The third generation of green cloverworm is now showing up in some soybean fields. In the past the cloverworms that hatch in August have not been very destructive because they are killed early by disease and predators, so hopefully that will be the case this year also. Now that most soybeans are in the R5 stage (beginning seed), it may pay to spray an insecticide if 10% defoliation is reached. According to hale charts, 10% defoliation at R5 can result in a 4% yield loss, which would be 2 bu/A for 50 bushel beans. Japanese beetle numbers appear to still be lower than past years, but fields that have both Japanese beetles and green cloverworms may reach the 10% defoliation threshold
Soybean aphids are still at low levels in the area. Brian Lang has reported that some fields in NE Iowa have now exceeded the 250 aphid/plant threshold, although the soybeans are nearing the R5.5 stage when usually insecticide treatments do not pay.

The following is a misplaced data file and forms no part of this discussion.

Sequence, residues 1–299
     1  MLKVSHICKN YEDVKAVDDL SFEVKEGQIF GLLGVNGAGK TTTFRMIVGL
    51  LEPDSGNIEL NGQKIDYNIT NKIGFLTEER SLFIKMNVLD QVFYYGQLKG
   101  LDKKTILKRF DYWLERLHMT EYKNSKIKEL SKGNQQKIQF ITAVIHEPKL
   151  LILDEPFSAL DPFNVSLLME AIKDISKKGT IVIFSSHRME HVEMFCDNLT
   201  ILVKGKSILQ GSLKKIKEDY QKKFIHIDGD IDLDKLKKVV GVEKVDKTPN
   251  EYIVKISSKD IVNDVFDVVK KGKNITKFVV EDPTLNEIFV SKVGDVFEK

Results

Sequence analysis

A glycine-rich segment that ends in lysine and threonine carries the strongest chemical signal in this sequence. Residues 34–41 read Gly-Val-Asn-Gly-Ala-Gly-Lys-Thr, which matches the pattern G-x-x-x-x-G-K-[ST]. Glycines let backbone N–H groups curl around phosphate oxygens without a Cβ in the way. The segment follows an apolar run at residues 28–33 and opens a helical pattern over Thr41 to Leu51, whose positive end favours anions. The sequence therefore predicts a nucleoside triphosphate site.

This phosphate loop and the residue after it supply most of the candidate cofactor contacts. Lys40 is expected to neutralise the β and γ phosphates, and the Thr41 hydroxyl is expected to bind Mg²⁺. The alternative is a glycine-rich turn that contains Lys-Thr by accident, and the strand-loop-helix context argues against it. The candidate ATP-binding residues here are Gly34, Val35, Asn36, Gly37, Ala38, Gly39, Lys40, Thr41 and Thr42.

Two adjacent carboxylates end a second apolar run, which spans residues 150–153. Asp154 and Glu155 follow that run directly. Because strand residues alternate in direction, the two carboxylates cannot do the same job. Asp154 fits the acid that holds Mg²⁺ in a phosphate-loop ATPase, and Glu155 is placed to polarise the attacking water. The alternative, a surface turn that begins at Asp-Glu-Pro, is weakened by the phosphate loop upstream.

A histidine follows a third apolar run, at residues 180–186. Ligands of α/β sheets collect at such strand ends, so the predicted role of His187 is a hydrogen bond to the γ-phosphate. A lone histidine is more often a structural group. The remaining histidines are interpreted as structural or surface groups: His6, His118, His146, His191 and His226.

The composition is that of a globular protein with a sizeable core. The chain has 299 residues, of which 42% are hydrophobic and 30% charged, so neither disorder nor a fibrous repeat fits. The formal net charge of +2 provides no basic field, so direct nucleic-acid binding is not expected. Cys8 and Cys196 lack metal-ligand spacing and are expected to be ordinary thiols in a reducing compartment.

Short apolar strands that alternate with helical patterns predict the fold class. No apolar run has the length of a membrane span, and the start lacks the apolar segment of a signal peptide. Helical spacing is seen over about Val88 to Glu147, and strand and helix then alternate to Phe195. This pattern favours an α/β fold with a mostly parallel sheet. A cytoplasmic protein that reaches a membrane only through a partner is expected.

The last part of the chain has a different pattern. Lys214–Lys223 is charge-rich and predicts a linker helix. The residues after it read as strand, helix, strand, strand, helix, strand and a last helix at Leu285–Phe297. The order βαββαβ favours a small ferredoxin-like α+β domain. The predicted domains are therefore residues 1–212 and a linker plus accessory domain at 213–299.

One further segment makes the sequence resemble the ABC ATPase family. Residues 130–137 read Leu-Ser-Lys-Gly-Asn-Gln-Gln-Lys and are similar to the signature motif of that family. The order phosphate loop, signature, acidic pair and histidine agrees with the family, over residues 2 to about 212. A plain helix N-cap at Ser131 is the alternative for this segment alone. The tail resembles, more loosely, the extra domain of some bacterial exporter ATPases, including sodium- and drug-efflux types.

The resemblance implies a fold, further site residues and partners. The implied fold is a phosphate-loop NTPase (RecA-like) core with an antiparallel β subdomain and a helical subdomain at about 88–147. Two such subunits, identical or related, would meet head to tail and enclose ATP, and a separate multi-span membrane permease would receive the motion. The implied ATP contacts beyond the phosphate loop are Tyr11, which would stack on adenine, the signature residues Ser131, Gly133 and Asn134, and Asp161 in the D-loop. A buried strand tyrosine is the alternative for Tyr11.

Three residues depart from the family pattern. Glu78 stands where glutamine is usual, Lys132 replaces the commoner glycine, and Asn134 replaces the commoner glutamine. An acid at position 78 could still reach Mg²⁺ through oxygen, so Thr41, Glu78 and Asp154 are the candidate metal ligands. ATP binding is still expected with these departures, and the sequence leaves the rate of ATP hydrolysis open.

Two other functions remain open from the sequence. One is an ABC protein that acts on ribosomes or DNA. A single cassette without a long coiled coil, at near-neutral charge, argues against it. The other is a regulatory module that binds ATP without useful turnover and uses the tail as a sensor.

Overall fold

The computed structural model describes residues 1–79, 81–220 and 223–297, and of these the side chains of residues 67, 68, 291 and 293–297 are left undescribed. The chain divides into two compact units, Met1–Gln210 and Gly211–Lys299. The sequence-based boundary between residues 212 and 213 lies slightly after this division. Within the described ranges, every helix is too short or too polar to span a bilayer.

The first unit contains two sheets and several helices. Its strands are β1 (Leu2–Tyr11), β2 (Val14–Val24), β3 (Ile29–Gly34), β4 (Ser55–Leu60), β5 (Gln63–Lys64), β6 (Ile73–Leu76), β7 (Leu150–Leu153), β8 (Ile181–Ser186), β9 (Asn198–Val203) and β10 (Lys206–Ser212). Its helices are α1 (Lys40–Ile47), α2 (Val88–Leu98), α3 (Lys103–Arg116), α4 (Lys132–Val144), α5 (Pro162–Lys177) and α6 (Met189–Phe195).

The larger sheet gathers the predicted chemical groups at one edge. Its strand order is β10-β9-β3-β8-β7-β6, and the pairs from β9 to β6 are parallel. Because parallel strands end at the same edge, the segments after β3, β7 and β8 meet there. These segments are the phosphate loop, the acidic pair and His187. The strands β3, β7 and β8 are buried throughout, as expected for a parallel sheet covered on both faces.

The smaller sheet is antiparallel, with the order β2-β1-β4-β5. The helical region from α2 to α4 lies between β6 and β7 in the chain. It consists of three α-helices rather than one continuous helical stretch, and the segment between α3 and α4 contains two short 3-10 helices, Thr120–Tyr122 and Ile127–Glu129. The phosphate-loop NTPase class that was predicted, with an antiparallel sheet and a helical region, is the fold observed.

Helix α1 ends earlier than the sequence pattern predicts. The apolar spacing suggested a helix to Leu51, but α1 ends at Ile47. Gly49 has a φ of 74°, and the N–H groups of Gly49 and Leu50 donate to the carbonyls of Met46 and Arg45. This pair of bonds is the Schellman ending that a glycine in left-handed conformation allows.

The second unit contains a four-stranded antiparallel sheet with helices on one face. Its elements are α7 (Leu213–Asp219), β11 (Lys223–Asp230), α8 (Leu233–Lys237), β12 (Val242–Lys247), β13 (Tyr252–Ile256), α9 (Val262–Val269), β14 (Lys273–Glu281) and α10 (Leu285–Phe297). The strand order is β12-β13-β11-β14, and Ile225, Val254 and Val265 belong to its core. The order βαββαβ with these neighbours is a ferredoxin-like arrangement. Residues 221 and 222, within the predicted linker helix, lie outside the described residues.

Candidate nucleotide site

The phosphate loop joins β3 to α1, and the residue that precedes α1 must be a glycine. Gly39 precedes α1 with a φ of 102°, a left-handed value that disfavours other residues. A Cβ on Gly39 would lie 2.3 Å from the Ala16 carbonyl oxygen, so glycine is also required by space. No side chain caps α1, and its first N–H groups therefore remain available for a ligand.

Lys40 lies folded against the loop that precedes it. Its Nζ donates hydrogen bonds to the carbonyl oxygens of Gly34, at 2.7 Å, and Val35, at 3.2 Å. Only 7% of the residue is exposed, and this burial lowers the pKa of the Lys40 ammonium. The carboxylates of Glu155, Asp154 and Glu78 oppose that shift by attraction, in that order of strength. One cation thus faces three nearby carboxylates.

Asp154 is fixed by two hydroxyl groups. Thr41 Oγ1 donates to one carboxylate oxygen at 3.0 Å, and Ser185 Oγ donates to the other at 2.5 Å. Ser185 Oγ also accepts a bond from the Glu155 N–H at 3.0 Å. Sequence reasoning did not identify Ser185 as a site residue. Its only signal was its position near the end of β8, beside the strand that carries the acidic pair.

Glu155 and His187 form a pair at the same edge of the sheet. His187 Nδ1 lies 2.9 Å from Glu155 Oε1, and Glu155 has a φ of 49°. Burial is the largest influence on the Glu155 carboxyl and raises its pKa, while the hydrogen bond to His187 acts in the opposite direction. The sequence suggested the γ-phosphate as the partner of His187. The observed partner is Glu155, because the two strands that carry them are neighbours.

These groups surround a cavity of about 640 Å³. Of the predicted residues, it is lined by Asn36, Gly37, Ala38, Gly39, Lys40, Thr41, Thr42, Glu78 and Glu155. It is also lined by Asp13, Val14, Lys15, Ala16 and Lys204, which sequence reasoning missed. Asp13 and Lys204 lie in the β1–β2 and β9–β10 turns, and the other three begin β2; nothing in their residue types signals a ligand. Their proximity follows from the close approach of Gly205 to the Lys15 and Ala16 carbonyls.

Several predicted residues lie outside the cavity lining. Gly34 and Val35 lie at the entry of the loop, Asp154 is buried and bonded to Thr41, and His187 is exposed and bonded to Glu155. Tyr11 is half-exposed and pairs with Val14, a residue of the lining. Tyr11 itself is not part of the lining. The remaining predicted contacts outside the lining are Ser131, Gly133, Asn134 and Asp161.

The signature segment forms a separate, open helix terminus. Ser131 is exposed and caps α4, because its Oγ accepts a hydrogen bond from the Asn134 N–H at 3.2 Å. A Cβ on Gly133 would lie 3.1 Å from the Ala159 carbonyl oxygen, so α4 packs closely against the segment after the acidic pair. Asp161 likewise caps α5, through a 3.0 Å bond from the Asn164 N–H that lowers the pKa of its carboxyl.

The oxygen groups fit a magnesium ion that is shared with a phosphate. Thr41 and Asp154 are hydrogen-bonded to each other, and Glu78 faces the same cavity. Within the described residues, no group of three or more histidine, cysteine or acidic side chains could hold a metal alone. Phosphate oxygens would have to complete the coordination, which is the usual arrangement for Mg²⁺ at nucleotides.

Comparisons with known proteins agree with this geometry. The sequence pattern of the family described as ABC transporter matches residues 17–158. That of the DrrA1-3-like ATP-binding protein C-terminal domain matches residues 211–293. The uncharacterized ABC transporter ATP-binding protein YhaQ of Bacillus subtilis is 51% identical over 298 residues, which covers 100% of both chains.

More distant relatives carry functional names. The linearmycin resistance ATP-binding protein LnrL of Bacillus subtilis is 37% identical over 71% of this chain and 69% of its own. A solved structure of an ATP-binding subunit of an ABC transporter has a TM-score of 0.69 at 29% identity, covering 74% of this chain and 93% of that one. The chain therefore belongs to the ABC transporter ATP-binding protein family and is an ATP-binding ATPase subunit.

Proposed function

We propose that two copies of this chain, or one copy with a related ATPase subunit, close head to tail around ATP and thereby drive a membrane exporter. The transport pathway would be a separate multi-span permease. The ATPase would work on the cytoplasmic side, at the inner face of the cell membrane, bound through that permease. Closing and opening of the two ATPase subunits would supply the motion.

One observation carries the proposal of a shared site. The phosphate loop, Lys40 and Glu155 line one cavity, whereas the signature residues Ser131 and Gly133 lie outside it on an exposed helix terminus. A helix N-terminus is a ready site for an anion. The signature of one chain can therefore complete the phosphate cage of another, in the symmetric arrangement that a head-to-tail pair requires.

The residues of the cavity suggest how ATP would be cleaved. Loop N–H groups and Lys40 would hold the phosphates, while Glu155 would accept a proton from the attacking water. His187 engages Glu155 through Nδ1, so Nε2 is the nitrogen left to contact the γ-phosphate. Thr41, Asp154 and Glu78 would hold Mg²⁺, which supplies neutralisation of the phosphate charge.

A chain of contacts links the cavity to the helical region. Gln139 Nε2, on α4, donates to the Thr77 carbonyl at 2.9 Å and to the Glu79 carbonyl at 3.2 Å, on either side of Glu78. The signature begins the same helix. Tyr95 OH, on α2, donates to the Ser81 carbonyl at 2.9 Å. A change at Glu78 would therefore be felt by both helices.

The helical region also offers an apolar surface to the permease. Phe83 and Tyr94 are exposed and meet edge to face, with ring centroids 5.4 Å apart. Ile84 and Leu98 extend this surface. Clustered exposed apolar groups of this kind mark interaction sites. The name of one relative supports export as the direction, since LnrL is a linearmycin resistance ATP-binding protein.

Soybean Sudden Death Syndrome
Sudden Death Syndrome (SDS) is widespread again this year and now easy to see from the road in many fields. The typical leaf symptoms are that the leaf veins say green and the tissue between the veins turns yellow and brown: